A huge cavity, 40 square kilometers and 300 feet high, grows at the bottom of the Thvaites glacier in western Antarctica, and confirms that this mass of ice breaks down.
It also stresses the need for detailed observation of the lower part of the Antarctic Glacier in order to calculate how fast global levels will have to increase in response to climate change.
The researchers hoped to find some gaps between the ice and the rock at the foot of Thvaites, where water from the ocean could flow and melt the glacier from the bottom.
However, the size and explosive growth rate of the new hole surprised them. It is large enough to keep 14 billion tons of ice, and most of the ice has melted in the last three years.
"For years we have been suspected that Thvaites are not well tied to rocks beneath the surface," said Eric Rignot of the University of California, Irvine, and NASA Jet Propulsion Laboratory (JPL). Rignot is the co-author of the new study, which
"Thanks to the new generation of satellites, we can finally see the details," he said.
The cavity was discovered by ice breakers in NASA's IceBridge Operation, a campaign that began in 2010 and studies the links between polar regions and the global climate.
The researchers also used data from the constellation of radar synthetic holes from Italian and German spacecraft. Data on this very high resolution can be processed by a technique called radar interferometry to reveal how the underground surface moves between the images.
"[El tamaño de] The cavity below the glacier plays an important role in melting, "said study author Pietro Milillo of the JPL." As more heat and water penetrate the glacier, it melts faster, "he said.
Numerical models of ice sheets use a fixed form to represent the cavity under the ice, instead of changing the cavity and growing it. The new discovery implies that this limitation probably makes these models underestimate how quickly Thvaites lose ice.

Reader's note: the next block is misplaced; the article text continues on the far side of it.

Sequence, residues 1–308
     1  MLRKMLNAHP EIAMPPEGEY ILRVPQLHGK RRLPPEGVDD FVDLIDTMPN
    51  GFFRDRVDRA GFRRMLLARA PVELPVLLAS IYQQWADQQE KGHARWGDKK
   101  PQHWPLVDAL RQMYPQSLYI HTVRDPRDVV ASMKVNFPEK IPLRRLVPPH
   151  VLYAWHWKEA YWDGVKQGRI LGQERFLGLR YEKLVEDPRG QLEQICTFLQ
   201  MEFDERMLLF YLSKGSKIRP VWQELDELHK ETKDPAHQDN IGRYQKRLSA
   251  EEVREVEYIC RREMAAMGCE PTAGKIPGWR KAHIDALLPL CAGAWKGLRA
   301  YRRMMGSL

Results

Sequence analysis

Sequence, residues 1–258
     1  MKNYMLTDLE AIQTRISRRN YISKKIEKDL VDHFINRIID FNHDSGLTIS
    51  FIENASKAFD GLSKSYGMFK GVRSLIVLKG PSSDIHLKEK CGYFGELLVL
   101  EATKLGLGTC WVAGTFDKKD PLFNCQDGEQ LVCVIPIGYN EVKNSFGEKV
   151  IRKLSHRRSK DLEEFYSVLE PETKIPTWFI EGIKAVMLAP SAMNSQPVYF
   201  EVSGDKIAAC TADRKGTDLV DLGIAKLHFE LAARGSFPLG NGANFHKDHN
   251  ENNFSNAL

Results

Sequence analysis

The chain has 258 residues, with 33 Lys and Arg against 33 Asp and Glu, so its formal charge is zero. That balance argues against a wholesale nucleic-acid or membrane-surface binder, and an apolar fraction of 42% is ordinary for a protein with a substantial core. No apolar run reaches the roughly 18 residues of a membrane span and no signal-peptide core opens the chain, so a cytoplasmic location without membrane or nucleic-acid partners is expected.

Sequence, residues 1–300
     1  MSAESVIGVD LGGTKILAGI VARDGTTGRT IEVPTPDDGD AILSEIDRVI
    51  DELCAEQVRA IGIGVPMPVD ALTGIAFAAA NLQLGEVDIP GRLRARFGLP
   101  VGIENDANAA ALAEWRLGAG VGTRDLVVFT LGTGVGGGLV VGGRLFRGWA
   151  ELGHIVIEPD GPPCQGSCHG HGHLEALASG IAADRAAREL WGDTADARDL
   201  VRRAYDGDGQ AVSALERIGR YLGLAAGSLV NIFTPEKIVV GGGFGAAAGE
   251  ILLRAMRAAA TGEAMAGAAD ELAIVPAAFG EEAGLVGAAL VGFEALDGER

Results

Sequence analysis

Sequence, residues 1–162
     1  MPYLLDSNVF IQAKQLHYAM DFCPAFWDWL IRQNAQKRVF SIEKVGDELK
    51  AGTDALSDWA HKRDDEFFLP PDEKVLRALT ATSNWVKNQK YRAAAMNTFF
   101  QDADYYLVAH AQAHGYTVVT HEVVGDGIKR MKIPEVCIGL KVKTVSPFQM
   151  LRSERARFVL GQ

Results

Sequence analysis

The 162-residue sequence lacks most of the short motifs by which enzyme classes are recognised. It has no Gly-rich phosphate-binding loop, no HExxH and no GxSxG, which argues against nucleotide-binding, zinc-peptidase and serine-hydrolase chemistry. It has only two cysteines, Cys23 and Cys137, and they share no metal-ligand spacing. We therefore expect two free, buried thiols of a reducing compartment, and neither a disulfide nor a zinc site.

Glacier Thvaites, the size of the state of Florida, USA, is currently responsible for roughly 4% of world sea level rise. It has enough ice to lift the world's ocean a little over two centimeters and holds adjacent glaciers, which would raise the sea level by 2.4 centimeters if all the ice was lost.
Thvaites is one of the toughest places on Earth, but will be better known than ever. The United States National Science Foundation and the United Kingdom National Environmental Research Council are establishing a five-year field project to address the most critical issues of their processes and characteristics. International Thwaites glacier co-operation will begin its field experiments in the southern hemisphere in 2019-20.
A huge cavity lies below the main trunk of glaciers on its west side, the farthest side of the western Antarctic Peninsula. In this region, as the tide grows and falls, the landing line on the ground pulls out and travels over an area of approximately 3 to 5 kilometers.
The glacier is separated from the ridge in the rocky cliff at a constant speed of about 0.6 to 0.8 kilometers per year since 1992. In spite of the stable rate of withdrawal in the land line, the fusion rate On this side of the glacier is extremely high.